In every sane society, construction projects are regulated and controlled by special authorities or agencies saddled with such responsibility. These regulations and controls are put in place to secure health, safety, and aesthetics as well as meet town planning goals.
One of the statutory requirements for the realization of the security and safety of housing construction projects is obtaining planning and development permits.
From the above, it can be reasoned that the exercise of obtaining permits for construction development projects is intended for the good of the people. Ironically, despite the motivations behind it, the average Nigerian developer and contractor deliberately avoids or dodges undergoing the expected due processes for obtaining the permit. This has resulted in a whole lot of disasters, ranging from building collapses to, demolition of structures and lots more.
What then are planning and development permits all about?
A planning permit is an official approval issued by a government agency that allows you or your contractor to proceed with construction or remodeling projects on your property, whether residential or commercial property. A building permit or approval is issued after the planning permit has been obtained and it is all about what is permissible on the site. Building permits ensure that building regulations are followed and that key structural stages of the project are independently inspected.
Now the question being asked is: Why would any right-thinking individual intentionally flaunt laid down rules and procedures that are intended for the wellbeing of both the client, contractor, and development end users?
In this report which directly affects the well-being and lives of the Nigerian masses, PropertyPrice intends to bring to the limelight, the perspectives of some practitioners in the industry as well as draw the attention of authorities saddled with the responsibilities of issuing those approvals on loopholes in their practices. Below are the views:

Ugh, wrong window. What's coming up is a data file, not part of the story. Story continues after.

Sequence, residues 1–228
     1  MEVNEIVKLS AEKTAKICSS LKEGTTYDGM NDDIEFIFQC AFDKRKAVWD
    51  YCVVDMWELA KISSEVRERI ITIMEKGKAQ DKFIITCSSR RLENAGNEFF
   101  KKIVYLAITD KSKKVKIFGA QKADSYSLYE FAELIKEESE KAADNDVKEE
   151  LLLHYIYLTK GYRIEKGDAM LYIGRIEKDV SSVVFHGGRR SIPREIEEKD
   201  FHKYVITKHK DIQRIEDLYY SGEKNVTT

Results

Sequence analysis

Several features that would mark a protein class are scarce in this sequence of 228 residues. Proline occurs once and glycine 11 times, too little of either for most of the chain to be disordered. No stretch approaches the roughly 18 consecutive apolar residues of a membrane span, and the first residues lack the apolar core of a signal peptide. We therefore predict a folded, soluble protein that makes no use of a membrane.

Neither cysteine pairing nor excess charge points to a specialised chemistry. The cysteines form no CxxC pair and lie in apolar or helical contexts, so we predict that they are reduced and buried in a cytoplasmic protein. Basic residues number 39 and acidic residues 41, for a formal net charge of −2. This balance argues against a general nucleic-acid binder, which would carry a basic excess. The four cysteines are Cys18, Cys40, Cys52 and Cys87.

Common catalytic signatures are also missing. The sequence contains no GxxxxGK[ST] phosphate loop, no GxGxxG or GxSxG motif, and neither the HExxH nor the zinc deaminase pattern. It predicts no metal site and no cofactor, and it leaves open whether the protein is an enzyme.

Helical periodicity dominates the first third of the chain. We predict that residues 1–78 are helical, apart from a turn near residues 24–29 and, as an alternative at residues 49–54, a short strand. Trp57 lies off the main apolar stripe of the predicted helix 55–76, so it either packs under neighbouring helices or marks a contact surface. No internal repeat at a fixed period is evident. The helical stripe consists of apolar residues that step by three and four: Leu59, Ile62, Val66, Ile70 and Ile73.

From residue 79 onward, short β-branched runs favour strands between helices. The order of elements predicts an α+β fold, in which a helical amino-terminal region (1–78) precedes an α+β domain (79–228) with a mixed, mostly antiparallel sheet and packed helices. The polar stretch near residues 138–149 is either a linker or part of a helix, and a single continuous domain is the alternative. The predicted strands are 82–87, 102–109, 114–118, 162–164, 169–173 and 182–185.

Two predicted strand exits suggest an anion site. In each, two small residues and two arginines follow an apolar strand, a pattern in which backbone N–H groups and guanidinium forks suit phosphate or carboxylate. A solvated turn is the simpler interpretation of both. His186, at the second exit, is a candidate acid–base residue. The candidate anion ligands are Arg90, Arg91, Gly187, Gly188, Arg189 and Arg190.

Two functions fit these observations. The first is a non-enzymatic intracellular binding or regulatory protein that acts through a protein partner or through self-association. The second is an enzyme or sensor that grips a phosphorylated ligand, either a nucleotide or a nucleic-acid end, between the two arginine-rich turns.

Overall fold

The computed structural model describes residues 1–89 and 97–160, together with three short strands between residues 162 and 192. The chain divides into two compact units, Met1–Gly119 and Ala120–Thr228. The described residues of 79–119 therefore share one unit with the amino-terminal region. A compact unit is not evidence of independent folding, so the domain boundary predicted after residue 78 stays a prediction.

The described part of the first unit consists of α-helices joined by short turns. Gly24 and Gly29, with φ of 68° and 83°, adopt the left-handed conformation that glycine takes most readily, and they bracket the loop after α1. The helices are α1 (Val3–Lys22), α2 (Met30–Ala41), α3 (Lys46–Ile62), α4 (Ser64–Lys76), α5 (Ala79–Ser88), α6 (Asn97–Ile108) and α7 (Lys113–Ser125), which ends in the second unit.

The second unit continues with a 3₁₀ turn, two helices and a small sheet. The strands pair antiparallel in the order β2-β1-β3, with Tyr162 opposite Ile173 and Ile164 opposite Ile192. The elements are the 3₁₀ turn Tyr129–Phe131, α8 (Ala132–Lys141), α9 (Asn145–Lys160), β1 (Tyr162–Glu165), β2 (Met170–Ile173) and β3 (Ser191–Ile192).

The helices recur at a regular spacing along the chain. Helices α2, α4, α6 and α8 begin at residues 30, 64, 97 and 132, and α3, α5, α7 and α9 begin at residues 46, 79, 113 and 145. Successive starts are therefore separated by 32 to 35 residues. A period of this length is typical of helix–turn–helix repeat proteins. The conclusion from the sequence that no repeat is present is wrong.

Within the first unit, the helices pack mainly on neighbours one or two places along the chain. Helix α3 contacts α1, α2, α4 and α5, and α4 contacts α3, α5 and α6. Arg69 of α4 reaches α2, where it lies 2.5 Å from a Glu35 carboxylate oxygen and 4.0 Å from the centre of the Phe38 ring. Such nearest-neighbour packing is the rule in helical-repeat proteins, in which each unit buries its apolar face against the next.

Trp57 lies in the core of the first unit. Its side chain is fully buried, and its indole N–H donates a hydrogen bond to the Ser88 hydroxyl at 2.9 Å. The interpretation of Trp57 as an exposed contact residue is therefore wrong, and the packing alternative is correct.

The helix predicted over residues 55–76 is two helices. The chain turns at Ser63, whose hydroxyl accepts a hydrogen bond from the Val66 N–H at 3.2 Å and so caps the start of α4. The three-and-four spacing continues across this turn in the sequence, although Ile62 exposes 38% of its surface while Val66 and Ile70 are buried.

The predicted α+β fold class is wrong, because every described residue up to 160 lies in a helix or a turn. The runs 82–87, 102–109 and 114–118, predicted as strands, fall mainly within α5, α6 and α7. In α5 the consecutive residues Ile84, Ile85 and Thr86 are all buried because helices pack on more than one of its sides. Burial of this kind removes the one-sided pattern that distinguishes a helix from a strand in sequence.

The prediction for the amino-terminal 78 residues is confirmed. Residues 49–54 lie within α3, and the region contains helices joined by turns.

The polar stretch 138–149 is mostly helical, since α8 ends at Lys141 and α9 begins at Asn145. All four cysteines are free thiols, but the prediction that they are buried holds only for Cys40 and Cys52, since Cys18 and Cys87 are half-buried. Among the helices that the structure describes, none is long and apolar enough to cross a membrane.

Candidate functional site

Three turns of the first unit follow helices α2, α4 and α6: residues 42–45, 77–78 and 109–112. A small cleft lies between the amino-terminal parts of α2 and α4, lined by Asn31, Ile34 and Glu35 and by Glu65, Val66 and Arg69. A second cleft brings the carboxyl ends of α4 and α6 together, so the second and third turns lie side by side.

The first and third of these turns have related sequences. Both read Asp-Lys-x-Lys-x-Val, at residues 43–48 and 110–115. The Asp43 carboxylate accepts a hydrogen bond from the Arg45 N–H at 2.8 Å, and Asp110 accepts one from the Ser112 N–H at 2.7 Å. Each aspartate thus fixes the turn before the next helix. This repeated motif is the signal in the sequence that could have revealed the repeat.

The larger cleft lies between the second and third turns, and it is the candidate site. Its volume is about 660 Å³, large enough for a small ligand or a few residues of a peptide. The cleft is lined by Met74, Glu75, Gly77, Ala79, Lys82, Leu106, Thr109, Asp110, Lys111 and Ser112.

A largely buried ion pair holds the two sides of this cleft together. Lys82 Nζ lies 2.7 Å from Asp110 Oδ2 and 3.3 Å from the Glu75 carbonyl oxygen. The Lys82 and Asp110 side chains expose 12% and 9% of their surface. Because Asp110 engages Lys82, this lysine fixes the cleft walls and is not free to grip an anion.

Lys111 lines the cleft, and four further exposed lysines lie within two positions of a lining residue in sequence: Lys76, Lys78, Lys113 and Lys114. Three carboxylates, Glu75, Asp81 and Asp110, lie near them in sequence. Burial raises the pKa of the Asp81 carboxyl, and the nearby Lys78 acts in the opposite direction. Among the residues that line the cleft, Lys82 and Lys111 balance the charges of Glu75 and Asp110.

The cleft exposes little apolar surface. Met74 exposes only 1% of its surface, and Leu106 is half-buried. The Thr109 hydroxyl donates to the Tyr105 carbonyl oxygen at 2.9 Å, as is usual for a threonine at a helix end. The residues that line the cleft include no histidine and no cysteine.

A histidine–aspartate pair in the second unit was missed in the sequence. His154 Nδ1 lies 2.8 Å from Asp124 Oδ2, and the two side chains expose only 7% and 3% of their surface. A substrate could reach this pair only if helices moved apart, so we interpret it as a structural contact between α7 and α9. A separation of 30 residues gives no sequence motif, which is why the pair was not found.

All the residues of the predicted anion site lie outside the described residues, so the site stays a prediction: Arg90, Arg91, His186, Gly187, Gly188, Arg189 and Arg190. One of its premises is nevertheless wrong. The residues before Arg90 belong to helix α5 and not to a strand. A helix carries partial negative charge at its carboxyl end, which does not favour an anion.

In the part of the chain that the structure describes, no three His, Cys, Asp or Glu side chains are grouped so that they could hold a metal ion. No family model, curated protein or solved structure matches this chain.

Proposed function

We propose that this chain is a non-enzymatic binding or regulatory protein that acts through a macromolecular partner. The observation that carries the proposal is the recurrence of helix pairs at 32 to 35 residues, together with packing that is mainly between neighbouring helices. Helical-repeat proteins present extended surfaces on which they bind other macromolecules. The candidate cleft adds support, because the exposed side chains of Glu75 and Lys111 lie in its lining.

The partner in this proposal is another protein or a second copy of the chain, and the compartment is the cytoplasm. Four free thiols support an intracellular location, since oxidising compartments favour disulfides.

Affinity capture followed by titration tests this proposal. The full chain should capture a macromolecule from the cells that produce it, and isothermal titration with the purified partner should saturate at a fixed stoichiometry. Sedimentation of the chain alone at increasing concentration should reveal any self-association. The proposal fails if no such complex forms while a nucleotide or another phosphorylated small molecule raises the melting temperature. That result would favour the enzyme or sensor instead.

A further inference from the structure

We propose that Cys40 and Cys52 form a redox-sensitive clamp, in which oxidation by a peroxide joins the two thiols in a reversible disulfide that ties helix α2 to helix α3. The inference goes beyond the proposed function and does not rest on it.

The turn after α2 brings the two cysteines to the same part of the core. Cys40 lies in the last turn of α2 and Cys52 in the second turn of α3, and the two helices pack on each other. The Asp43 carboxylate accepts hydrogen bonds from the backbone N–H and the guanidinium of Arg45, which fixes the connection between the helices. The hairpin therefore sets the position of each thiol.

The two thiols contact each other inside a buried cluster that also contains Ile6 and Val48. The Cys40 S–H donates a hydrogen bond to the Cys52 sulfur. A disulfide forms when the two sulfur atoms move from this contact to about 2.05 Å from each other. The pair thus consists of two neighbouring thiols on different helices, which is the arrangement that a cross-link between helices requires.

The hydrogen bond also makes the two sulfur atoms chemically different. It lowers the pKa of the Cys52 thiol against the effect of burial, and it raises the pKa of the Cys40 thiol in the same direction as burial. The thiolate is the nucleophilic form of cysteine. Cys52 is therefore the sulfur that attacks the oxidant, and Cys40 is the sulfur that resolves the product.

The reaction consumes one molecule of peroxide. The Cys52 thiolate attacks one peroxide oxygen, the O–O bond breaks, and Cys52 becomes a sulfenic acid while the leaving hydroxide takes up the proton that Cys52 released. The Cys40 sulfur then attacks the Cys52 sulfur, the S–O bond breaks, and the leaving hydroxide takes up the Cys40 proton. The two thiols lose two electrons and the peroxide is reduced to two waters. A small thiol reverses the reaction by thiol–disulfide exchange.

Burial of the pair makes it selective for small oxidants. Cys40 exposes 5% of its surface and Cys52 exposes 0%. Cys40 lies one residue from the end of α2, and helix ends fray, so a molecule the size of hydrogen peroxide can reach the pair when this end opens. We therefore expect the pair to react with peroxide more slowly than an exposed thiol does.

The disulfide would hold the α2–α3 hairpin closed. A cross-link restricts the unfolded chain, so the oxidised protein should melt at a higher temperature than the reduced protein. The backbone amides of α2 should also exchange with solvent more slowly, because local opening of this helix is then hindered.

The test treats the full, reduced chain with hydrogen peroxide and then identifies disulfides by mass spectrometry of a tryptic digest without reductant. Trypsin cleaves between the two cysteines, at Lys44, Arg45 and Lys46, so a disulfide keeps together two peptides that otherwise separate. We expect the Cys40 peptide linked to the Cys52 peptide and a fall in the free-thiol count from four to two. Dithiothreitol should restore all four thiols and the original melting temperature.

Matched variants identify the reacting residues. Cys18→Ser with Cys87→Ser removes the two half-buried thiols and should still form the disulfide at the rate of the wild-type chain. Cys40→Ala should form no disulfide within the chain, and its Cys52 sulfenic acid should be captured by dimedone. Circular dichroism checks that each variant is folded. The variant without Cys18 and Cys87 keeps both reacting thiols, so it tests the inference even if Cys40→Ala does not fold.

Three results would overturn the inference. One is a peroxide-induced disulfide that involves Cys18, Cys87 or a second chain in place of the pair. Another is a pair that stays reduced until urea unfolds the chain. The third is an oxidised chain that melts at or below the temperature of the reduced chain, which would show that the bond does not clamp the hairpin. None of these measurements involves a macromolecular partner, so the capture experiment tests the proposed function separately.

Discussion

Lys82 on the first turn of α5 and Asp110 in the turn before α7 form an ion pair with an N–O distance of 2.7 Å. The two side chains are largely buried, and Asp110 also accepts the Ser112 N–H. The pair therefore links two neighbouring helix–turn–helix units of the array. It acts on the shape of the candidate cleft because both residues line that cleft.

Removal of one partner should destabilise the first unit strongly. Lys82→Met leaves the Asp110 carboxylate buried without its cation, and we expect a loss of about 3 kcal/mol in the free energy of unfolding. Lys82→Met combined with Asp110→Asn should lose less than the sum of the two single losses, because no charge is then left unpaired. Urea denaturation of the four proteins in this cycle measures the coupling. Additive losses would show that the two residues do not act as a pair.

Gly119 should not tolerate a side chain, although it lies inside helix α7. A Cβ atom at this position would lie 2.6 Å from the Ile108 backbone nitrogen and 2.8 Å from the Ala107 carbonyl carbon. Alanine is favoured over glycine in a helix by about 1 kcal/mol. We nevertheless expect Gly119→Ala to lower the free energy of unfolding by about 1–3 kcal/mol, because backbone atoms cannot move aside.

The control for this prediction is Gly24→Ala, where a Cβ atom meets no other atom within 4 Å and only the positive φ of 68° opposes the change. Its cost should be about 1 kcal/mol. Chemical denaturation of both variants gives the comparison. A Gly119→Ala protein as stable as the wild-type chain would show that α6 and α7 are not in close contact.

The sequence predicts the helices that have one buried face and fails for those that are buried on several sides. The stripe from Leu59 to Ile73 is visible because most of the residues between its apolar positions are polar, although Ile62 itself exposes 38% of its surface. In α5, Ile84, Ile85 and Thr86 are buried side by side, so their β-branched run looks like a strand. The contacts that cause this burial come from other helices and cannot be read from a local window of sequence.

Waheed Adebajo (not real name), a landlord in Lagos explained that the bureaucratic bottleneck encountered in the process is frustrating.
Hear him: “The procedure is too frustrating and cumbersome. You know the way they behave in the ministry. Once it has to do with the government, everybody behaves the way they like as nobody is monitoring them. There are different stages your file will have to pass through and you know what that means. If you don’t settle them very well, your file can be in a particular office for months.
“Let us just pray that nothing happens to the building by the end of the day. You can be pursuing building permits for more than one year. Meanwhile, the official duration period for it is just two months. If you see people bypassing it and going ahead with their housing construction, please don’t blame them. I am speaking from experience.”
A building contractor (names withheld) confessed that besides the outrageous cost involved at various stages of getting the approval, the process is tedious. He noted that should all land owners and clients wait for the approval, they (contractors and site workers) would die of hunger.